A prosperous trading center under Mongol rule from the 10th to 12th centuries, Shenyang was an early capital of the Manchu dynasty, which ruled from 1644 to 1911. At the turn of the last century, Russia and Japan competed for influence in Shenyang and the rest of Manchuria, a rivalry that culminated in the 1904-5 Russo-Japanese War. The victorious Japanese went on to occupy and develop the region into an industrial base from the early 1930s to the end of World War II, after which Manchuria was restored by the Communists as China’s industrial heartland.
Today, many engineers, managers and other former members of Shenyang’s industrial elites drive taxis or run nanny and day care services. Some work for low wages in the city’s vast indoor market amid counters piled high with fruits and vegetables and butchers’ stalls full of animal carcasses. Li Fu, a 31-year-old electrician, has worked at a meat counter since he lost his job at the Donlu Radio Factory about a year ago. A member of Manchuria’s large Muslim community, Li Fu lives with his parents, who both work outside the home, while his wife is a homemaker. Like many of his former colleagues, Li Fu says he earns slightly more money running his own business than he did as an electrician at a state-owned company. But the work is less rewarding, he says, and he worries about the future. “It’s hard to say if things are better now than they used to be,” Li Fu says as he pushes beef through a meat grinder. “When business is good, times are good. But when I worked for the state, I had medical benefits. Now, all that is gone.”
Free-market economics has also caught up with the Chang family, whose home has been scheduled for demolition as part of Shenyang’s urban renewal program. For 57 years the Changs have lived in two rooms and a vestibule that doubles as a kitchen. The Changs (who declined to give their real name for fear of reprisal from local officials) worry that the rent on their new home will drain half of their monthly earnings. “Frankly, I would rather rebuild what we have,” Mrs. Chang says. “When you haven’t been able to save all these years, you can’t really afford a decent place. But the land belongs to the government, even if we own the house.”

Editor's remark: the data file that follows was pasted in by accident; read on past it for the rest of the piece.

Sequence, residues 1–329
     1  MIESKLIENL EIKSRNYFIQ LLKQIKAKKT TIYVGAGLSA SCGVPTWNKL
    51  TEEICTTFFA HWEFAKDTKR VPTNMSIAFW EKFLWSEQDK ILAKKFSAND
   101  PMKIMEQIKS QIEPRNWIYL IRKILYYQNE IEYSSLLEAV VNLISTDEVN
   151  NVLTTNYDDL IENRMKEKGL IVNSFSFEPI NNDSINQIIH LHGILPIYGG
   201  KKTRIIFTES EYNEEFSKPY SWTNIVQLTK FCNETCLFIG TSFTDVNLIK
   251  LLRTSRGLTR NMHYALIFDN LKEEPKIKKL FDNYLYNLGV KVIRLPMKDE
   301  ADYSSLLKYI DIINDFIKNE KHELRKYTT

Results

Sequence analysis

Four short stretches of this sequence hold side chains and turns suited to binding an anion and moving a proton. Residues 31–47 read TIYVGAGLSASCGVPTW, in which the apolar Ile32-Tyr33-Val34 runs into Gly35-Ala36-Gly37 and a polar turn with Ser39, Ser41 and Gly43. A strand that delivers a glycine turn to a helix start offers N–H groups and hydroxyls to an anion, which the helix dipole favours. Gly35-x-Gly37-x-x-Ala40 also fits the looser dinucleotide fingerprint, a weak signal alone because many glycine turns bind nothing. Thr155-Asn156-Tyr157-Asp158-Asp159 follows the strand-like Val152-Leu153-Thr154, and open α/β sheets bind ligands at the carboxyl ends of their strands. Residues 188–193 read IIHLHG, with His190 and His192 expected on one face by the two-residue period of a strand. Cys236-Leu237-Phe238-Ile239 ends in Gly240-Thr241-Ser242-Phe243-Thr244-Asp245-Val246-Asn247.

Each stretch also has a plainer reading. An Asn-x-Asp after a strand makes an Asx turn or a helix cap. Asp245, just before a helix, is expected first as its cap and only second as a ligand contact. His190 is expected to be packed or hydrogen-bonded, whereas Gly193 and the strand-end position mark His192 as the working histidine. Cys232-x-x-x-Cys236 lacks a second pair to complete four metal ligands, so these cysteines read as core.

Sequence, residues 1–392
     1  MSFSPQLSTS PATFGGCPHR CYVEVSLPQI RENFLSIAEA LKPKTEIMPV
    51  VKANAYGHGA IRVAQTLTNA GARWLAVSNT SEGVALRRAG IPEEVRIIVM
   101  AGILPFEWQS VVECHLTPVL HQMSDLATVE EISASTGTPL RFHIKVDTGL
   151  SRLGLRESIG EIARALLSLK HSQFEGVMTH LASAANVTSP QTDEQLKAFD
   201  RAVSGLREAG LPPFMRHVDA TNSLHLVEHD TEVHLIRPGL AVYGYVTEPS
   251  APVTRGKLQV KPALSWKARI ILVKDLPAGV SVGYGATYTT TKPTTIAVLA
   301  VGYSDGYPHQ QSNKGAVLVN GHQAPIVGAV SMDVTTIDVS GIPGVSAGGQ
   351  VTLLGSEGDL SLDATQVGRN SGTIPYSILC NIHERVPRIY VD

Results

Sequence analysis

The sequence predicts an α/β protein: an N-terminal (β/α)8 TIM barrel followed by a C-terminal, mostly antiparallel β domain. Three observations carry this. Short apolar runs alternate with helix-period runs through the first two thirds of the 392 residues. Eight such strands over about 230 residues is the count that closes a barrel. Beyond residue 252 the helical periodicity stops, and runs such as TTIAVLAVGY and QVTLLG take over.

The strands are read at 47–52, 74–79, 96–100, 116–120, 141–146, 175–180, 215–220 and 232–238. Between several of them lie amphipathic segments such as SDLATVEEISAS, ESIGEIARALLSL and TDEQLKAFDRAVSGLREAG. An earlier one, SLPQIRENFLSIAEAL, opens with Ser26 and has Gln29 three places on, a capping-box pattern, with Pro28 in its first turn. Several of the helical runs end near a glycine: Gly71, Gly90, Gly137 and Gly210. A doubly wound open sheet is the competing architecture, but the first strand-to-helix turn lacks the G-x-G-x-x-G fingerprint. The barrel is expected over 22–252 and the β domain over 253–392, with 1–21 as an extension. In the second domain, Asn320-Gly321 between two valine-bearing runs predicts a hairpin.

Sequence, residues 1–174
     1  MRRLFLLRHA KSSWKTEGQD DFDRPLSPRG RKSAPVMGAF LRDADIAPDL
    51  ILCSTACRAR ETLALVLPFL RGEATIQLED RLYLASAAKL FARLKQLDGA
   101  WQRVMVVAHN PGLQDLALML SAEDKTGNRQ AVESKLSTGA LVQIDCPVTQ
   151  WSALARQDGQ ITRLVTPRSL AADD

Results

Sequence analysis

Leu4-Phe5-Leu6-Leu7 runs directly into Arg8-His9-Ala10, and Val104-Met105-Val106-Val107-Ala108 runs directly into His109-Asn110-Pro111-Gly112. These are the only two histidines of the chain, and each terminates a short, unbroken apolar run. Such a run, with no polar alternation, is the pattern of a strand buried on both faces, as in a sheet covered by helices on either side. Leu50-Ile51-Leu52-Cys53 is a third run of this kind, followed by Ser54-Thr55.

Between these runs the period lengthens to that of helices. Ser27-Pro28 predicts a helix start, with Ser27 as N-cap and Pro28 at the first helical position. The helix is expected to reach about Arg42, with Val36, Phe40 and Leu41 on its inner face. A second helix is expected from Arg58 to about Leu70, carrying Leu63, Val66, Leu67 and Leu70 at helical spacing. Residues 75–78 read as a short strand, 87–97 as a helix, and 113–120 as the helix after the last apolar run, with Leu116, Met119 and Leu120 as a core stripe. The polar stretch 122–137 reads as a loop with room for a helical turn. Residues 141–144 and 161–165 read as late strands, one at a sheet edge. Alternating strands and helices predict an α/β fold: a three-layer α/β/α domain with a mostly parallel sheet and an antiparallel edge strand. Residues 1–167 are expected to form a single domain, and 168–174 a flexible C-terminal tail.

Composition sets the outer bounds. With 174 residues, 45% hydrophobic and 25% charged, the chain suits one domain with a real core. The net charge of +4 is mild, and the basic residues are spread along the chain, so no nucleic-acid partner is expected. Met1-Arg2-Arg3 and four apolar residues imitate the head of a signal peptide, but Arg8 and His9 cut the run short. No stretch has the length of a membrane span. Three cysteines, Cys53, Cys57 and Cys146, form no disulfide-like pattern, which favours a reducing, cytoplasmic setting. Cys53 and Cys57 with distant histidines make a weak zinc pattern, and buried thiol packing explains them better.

Mr. Chang was 21 when he joined the Shenyang Molding Factory in 1968. Thirty years later, it was sold to a private buyer, declared bankrupt and then its ex-director bought it back from the municipal government for a token 8 cents. “Most of the employees were sent home,” Mr. Chang says. “There were demonstrations, but the government would not relent.” The factory was then sold off bit by bit to other recently privatized companies. By the time Chang retired due to poor health in 2001, he had been demoted to mechanic and was earning $50 a month. Today, he collects a monthly pension of about $61. Still, the Changs feel they are lucky. Most redundant employees of state-owned companies are given token buyouts instead of pensions, if they are offered anything at all.
Mrs. Chang was sent during the Cultural Revolution to work on a farm collective in rural Inner Mongolia, and she still resents the six years she feels she wasted in the fields when she wanted to study literature. “We had to do it or else be associated with the ‘unscrupulous few,’” she says solemnly. Almost to herself, she adds: “This was the prime of my life.”
The husband and wife exchange glances. Mr. Chang stiffens. “The government will control the situation in an effective way,” he says finally. “Everyone will have a job. The government works for the people of China. If there is difficulty, the government will take care of everything.”
Napoleon famously counseled the world to “let China sleep, for when she awakes, she will shake the world.” It is a memorable quotation, if somewhat misleading. China may indeed have napped over the centuries, but it has also been the world’s largest economy for all but 3 of the past 20 centuries, and its current rise is more a return to its historic role than anything new.
A statue of Mao towers over the city square in downtown Shenyang. The Great Helmsman, as he was known, smiles broadly with his arm extended in a grand gesture of beneficence. On warm spring and summer evenings, young people mill about the square eating tanghulu, or sugarcoated fruit on a stick, and listen to music from portable radios. One recent afternoon, the square was nearly empty except for a few Shenyangese who seemed to regard the statue as they might a slightly deranged uncle at a family reunion. The statue is surrounded by buildings crested with billboards promoting everything from washing machines to cellphones.
Shenyang is struggling to adjust to China’s new economic reality, but one gets the feeling that it will not be long before boom times consume the Mao statue and what remains of his legacy, assuming an angry mob doesn’t do it first.